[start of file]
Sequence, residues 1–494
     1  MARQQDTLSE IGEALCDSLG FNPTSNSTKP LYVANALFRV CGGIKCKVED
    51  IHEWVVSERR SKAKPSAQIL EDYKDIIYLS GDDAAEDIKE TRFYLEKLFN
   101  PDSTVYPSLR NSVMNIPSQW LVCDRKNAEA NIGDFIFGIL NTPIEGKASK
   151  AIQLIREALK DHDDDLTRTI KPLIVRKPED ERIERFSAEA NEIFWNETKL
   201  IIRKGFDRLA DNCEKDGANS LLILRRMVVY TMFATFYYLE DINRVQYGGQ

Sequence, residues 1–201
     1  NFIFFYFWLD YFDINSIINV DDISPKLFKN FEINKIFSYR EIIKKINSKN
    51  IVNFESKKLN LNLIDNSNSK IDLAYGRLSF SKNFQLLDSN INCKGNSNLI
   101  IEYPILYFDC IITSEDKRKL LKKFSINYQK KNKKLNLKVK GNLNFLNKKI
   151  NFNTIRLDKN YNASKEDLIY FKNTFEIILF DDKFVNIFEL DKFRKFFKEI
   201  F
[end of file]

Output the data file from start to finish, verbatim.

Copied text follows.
Sequence, residues 1–494
     1  MARQQDTLSE IGEALCDSLG FNPTSNSTKP LYVANALFRV CGGIKCKVED
    51  IHEWVVSERR SKAKPSAQIL EDYKDIIYLS GDDAAEDIKE TRFYLEKLFN
   101  PDSTVYPSLR NSVMNIPSQW LVCDRKNAEA NIGDFIFGIL NTPIEGKASK
   151  AIQLIREALK DHDDDLTRTI KPLIVRKPED ERIERFSAEA NEIFWNETKL
   201  IIRKGFDRLA DNCEKDGANS LLILRRMVVY TMFATFYYLE DINRVQYGGQ

Sequence, residues 1–201
     1  NFIFFYFWLD YFDINSIINV DDISPKLFKN FEINKIFSYR EIIKKINSKN
    51  IVNFESKKLN LNLIDNSNSK IDLAYGRLSF SKNFQLLDSN INCKGNSNLI
   101  IEYPILYFDC IITSEDKRKL LKKFSINYQK KNKKLNLKVK GNLNFLNKKI
   151  NFNTIRLDKN YNASKEDLIY FKNTFEIILF DDKFVNIFEL DKFRKFFKEI
   201  F